Loose, M., E. Fischer-Friedrich, et al. “Spatial Regulators for Bacterial Cell Division Self Organize into Surface Waves in Vitro.” Science 320, no. 5877 (2008): 789–92.

14 Introduction to microbial evolution experiments, and optimal gene circuit design


[MN] Chapters 1–2.

Dekel, E., and U. Alon. “Optimality and Evolutionary Tuning in the Expression Level of a Protein.” Nature 436 (2005): 588–92.


[UA] Chapter 10.

Elena, S. F., and R. E. Lenski. “Evolution Experiments with Micro-organisms: The Dynamics and Genetic Bases of Adaptation.” Nature Reviews Genetics 4 (2003): 457–69.

15 Evolution in finite populations, genetic drift, and the theory of neutral molecular evolution


Duret, L. “Neutral Theory: The Null Hypothesis of Molecular Evolution.” Nature Education 1, no. 1 (2008).

[MN] Chapter 6.

16 Clonal interference and the distribution of beneficial mutations


Hegreness, M., N. Shoresh, et al. “An Equivalence Principle for the Incorporation of Favorable Mutations in Asexual Populations.” Science 311, no. 5767 (2006): 1615–17.


Orr, H. A. “The Genetic Theory of Adaptation: A Brief History.” Nature Reviews Genetics 6 (2005): 119–27.

Desai, M., D. S. Fisher, et al. “The Speed of Evolution and Maintenance of Variation in Asexual Populations.” Current Biology 17, no. 5 (2007): 385–94.

Weissman, D. B., M. M. Desai, et al. “The Rate at which Asexual Populations Cross Fitness Valleys.” Theoretical Population Biology 75, no. 4 (2009): 286–300.

17 Fitness landscapes and sequence spaces


[MN] Chapter 3.

Weinreich, D. M., N. F. Delaney, et al. “Darwinian Evolution Can Follow Only Very Few Mutational Paths to Fitter Proteins.” Science 312, no. 5770 (2006): 111–4.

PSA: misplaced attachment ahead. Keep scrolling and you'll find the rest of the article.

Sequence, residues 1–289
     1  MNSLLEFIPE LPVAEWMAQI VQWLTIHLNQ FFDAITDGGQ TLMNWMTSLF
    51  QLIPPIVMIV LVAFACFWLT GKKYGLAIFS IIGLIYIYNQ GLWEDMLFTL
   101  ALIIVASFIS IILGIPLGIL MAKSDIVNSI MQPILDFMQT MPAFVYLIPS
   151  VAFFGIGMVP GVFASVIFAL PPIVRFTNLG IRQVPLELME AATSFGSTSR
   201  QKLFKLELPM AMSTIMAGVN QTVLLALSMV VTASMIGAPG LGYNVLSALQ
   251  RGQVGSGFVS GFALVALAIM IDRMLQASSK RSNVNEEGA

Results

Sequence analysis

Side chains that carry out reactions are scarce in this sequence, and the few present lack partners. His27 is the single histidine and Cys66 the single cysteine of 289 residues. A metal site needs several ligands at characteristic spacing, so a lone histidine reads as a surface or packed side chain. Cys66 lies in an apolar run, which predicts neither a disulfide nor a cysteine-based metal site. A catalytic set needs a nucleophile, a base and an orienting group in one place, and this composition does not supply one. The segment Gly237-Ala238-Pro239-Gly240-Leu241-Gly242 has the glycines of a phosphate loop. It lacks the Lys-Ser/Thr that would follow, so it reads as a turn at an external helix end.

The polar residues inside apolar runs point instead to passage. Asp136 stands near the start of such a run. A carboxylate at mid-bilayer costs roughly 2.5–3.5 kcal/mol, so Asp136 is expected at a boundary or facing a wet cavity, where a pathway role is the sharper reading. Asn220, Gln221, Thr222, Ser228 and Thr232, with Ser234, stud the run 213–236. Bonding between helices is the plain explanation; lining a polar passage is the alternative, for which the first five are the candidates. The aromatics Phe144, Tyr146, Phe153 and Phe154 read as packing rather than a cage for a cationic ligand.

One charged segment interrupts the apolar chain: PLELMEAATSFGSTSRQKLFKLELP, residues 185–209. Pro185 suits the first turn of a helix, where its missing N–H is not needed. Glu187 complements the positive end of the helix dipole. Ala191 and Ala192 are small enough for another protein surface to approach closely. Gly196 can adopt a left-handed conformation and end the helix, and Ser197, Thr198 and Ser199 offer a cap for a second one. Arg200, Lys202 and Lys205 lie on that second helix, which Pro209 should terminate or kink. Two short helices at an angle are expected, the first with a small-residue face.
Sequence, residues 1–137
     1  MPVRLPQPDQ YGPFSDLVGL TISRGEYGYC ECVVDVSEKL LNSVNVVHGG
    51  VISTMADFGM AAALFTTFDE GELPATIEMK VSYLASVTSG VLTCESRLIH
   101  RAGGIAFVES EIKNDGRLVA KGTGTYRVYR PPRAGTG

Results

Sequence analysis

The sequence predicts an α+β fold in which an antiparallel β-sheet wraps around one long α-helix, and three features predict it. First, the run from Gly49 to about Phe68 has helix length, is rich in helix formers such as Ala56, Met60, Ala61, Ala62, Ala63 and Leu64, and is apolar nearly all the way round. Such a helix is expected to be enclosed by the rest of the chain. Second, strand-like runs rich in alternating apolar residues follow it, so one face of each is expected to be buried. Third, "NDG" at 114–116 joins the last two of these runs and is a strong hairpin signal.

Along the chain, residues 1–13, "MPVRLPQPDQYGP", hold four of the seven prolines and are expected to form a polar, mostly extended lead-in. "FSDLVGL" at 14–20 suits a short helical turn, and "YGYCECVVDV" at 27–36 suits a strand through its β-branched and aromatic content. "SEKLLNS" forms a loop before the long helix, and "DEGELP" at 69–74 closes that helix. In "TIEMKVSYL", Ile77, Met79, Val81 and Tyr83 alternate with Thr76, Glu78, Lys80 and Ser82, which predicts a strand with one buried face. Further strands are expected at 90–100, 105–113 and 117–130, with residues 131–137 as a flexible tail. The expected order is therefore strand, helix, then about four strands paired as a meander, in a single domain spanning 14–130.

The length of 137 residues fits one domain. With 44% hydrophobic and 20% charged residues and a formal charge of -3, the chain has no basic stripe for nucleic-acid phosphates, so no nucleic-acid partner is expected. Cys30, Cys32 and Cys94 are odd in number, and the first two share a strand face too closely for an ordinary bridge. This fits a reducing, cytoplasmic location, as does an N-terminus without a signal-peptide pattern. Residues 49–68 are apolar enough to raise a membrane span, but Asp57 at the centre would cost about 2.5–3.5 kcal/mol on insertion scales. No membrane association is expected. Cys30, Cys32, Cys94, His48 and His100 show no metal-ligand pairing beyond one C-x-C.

18 Evolutionary games


[MN] Chapter 4.


Turner, P. E., and L. Chao. “Prisoner’s Dilemma in an RNA Virus.” Nature 398 (1999): 441–43.

19 Survival in fluctuating environments


Mitchell, A., G. H. Romano, et al. “Adaptive Prediction of Environmental Change by Micro-Organisms.” Nature 460 (2009): 220–24.

Kussell, E., and S Leibler. “Phenotypic Diversity, Population Growth, and Information in Fluctuating Environments.” Science 309, no. 5743 (2005): 2075–78.

20 Parasites, the evolution of virulence and sex


[MN] Chapter 11.

Morran, L., O. Schmidt, et al. “Running with the Red Queen: Host-Parasite Coevolution Selects for Biparental Sex.” Science 333, no. 6039 (2011): 216–18.


Lloyd-Smith, J. O., S. J. Schreiber, et al. “Superspreading and the Effect of Individual Variation on Disease Emergence.” Nature 438 (2005): 355–59.

21 Interspecies interactions, the Lotka-Volterra model, and predator-prey oscillations


Edelstein-Keshet, L. Sections 6.2, 6.6, and 6.7 in Mathematical Models in Biology. Society for Industrial and Applied Mathematics, 2005. ISBN: 9780898715545.

Yoshida, T., L. E. Jones, et al. “Rapid Evolution Drives Ecological Dynamics in a Predator-prey System.” Nature 424 (2003): 303–06.


McKane, A. J., and T. J. Newman. “Predator-Prey Cycles from Resonant Amplification of Demographic Stochasticity.” Physical Review Letters 94 (2010): 218102.

22 Ecosystem stability, critical transitions, and the maintenance of biodiversity


Scheffer, M., J. Bascompte, et al. “Early-warning Signals for Critical Transitions.” Nature 461 (2009): 53–59.


[SS] Chapter 3.

Dai, L., D. Vorselen, et al. “Generic Indicators for Loss of Resilience Before a Tipping Point Leading to Population Collapse.” Science 336, no. 6085 (2012): 1175–77.

23 Dynamics of populations in space


Hallatschek, O., and D. R. Nelson. “Population Genetics and Range Expansions.” Physics Today 62, no. 7 (2009): 42.

Kerr, B., M. A. Riley, et al. “Local Dispersal Promotes Biodiversity in a Real-Life Game of Rock-Paper-Scissors.” Nature 418, no. 6894 (2002): 171–74.

24 The neutral theory of ecology


Whitfield, J. “Ecology: Neutrality Versus the Niche.” Nature 417 (2002): 480–81.

Volkov, I., J. Banavar, et al. “Neutral Theory and Relative Species Abundance in Ecology.” Nature 424 (2003): 1035–37.